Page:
Third, the government argues that what Cazalas wanted were statements referred to by Morman in his EEO summary, and that no statements existed "per se." Rather, what existed were handwritten notes that Morman took at his interviews. We are unable to accept this argument. The government knew what Cazalas wanted and it is irrelevant whether they were labeled as "statements," "views," "expressions," or "opinions." The point is that Morman interviewed a number of persons, took notes on his interviews, and used the notes for further EEO investigating purposes. Requiring Cazalas to have to ask for Morman's paraphrasing of the statements of certain individuals would present the government with an airtight way of denying the existence of anything and everything that it wished to withhold by sometimes taping and transcribing an interview, sometimes taking notes during the interview, and sometimes recording the impressions of the interviewer at a later time, and then leaving it to the person requesting the documents to figure out for what to ask. In any event, Cazalas did ask for Morman's notes explicitly in her March 19, 1979 letter, and her initial request in December 1978 for all "memoranda," "reports," "records," "notations" in the relevant area of inquiry must certainly have alerted the government to the specific notations belatedly furnished to her by the government (see also note 9).
Fourth, the government relies on Pope v. United States, 459 F. Supp. 426, 429 (S.D. Tex. 1977), aff'd. ("on the basis of" the district court opinion), 585 F.2d 802 (5th Cir. 1978), for the proposition that if the government supplies the majority of the requested documents voluntarily, then the complainant cannot be held to have substantially prevailed. The government, however, misreads the decision in Pope. Pope held that "the fact that Plaintiff received the majority of the documents sought through voluntary compliance by the Government does not mean that Plaintiff 'substantially prevailed.' " The Pope court went on to discuss other criteria for determining whether the plaintiff in that case substantially prevailed.11 Actually, the government's assertion that a majority of the documents were released to Cazalas before the suit is factually questionable. The government released 111 or 112 pages of documents before suit, depending upon whether Tyson's initial release was, as Cazalas claims, of eighteen pages or, as the government claims, of nineteen pages. On April 13, 1979, Cazalas received 93 pages. After suit, Cazalas received 86 pages on September 21, 1979, 11 pages on November 20, 1979, and an undetermined number late in December, 1979. Nevertheless, as a matter of legal consequence, it may be irrelevant whether a majority of pages were released before or after, if indeed the government withheld until after suit the crucial or essentially important documents requested by the plaintiff, freely releasing pages and pages of trivia. In this case, the government withheld at least two highly significant documents until after Cazalas filed her complaint. The Volz letter and the Morman notes revealed with clarity the strength and character of the government's case for discharging Cazalas. They were more important to Cazalas than all other documents obtained in making her determination of whether to bring an employment discrimination action. If we accept the government's contention on its face, then the government could in any situation withhold the few "smoking gun" documents, but release all other documents and argue that the complainant did not substantially prevail if it had to give up that "smoking gun" as a result of the FOIA suit.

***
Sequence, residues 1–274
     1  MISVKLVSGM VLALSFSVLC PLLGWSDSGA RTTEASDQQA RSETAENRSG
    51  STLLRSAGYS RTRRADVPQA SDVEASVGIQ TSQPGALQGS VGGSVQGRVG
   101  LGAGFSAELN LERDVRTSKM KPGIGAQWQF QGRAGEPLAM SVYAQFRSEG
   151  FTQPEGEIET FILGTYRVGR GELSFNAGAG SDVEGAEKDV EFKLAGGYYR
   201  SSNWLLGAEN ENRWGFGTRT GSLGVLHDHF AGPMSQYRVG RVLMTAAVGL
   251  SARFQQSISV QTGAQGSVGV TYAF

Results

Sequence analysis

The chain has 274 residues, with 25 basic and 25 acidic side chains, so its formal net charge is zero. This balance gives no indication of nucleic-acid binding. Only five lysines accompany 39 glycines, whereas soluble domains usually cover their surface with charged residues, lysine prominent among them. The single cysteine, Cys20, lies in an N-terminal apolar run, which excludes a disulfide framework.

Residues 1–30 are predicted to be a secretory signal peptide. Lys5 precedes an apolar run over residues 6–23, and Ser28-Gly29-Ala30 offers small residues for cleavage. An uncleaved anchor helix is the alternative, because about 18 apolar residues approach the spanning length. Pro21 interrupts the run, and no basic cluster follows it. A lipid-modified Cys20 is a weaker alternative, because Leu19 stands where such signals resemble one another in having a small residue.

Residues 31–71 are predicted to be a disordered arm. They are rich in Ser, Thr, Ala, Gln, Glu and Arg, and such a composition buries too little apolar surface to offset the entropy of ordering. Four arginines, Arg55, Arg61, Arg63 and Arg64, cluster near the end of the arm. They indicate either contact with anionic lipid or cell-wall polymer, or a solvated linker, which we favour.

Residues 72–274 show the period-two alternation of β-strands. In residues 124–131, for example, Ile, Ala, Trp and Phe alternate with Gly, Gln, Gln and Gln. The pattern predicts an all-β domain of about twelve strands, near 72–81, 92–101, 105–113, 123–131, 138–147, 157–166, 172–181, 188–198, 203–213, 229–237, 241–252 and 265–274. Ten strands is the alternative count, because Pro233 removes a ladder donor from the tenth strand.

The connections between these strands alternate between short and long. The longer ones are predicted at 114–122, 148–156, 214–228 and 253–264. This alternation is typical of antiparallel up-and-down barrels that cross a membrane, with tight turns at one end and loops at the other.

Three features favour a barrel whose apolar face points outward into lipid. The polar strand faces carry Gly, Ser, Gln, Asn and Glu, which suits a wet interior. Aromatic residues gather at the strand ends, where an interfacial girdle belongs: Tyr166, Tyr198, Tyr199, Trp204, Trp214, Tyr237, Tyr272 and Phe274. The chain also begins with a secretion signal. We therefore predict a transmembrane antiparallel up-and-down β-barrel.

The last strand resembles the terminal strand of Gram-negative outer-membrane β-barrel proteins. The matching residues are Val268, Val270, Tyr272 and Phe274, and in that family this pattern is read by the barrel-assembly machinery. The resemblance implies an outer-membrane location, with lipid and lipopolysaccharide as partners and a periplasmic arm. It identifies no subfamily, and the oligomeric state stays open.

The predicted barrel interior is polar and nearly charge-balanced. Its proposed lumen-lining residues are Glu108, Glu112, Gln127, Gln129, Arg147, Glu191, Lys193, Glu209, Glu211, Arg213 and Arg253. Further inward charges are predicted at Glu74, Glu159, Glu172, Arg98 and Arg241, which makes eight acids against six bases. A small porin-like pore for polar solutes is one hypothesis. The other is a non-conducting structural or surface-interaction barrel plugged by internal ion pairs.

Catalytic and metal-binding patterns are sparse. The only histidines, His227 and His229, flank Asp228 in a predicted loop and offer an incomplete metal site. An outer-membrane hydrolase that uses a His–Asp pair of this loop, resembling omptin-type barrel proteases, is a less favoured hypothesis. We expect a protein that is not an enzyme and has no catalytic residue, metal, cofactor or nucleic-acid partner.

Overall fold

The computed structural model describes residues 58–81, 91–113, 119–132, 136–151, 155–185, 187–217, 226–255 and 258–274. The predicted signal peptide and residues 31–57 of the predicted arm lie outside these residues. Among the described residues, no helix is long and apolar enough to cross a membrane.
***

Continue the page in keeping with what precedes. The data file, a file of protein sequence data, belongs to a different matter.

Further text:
In applying the correct standard of analysis to this situation, we find that Cazalas's FOIA complaint had a substantial causative impact on the release of the documents. The government exceeded severely the time limits for initial responses and appeals established in 5 U.S.C. § 552 without even attempting to argue that Cazalas's request presented "unusual circumstances" under 5 U.S.C. § 552(a) (6) (B).12 The government's tactics of piecemeal revelation had the effect of frustrating the release of the documents sought by Cazalas and so apparently essential to the EEO use sought.
Having found that Cazalas "substantially prevailed," however, does not under the jurisprudence previously cited entitle her to attorney's fees. Such attorney's fees are awardable or not to an FOIA plaintiff who "substantially prevails" in his suit, but "(t)here is no presumption in favor of awarding attorney's fees in an FOIA case and such an award is left to the sound discretion of the district judge." Chamberlain, supra, 589 F.2d at 842 (5th Cir. 1979). Since the district court did not reach the issue of whether to exercise its discretion in accordance with the standards set out in Lovell, supra,13 we remand the issue to the district court for the exercise of its sound discretion in the matter of attorney's fees.
We find that Cazalas substantially prevailed in her FOIA complaint against the government. We therefore VACATE the order of the district court denying attorney's fees, and we REMAND the case to it for further proceedings on the issue of attorney's fees consistent with the views expressed herein.
VACATED in part, and REMANDED.
Former Fifth Circuit case, Section 9(1) of Public Law 96-452 October 14, 1980
Under the Freedom of Information Act, 5 U.S.C. §§ 552(a) (6) (A), (B), the agency from whom the request for the production of documents is made must respond not later than 10 working days unless there are unusual circumstances that justify an extension. The request for an extension must be made to the person making the request in writing. Under the Privacy Act, 5 U.S.C. § 552a(d) (3), the agency must respond not later than 30 days. See note 7 infra
Cazalas's official personnel file also contained a background investigation that was conducted by the F.B.I., and Cazalas's request was referred to the Bureau. This request, however, was eventually abandoned because Cazalas failed to provide the signature card that the F.B.I. required to release this file